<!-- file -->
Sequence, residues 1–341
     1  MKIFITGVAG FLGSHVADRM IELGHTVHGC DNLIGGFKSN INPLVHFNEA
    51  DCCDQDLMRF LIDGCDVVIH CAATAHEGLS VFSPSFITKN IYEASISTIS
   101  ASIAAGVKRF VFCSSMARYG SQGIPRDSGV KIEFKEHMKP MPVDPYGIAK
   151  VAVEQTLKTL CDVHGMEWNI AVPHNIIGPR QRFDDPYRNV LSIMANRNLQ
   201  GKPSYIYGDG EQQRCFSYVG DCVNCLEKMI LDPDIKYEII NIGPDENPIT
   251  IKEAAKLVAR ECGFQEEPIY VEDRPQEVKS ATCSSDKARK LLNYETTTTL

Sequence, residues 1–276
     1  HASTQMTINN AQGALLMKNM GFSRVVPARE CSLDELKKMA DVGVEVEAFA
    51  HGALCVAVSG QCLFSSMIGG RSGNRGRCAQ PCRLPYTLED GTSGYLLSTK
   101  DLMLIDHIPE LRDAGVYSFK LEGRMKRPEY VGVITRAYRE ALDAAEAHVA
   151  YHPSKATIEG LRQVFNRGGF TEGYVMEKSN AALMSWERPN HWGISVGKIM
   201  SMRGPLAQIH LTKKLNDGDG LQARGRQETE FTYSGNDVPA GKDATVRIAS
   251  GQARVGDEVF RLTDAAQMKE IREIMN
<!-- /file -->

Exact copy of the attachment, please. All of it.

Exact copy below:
Sequence, residues 1–341
     1  MKIFITGVAG FLGSHVADRM IELGHTVHGC DNLIGGFKSN INPLVHFNEA
    51  DCCDQDLMRF LIDGCDVVIH CAATAHEGLS VFSPSFITKN IYEASISTIS
   101  ASIAAGVKRF VFCSSMARYG SQGIPRDSGV KIEFKEHMKP MPVDPYGIAK
   151  VAVEQTLKTL CDVHGMEWNI AVPHNIIGPR QRFDDPYRNV LSIMANRNLQ
   201  GKPSYIYGDG EQQRCFSYVG DCVNCLEKMI LDPDIKYEII NIGPDENPIT
   251  IKEAAKLVAR ECGFQEEPIY VEDRPQEVKS ATCSSDKARK LLNYETTTTL

Sequence, residues 1–276
     1  HASTQMTINN AQGALLMKNM GFSRVVPARE CSLDELKKMA DVGVEVEAFA
    51  HGALCVAVSG QCLFSSMIGG RSGNRGRCAQ PCRLPYTLED GTSGYLLSTK
   101  DLMLIDHIPE LRDAGVYSFK LEGRMKRPEY VGVITRAYRE ALDAAEAHVA
   151  YHPSKATIEG LRQVFNRGGF TEGYVMEKSN AALMSWERPN HWGISVGKIM
   201  SMRGPLAQIH LTKKLNDGDG LQARGRQETE FTYSGNDVPA GKDATVRIAS
   251  GQARVGDEVF RLTDAAQMKE IREIMN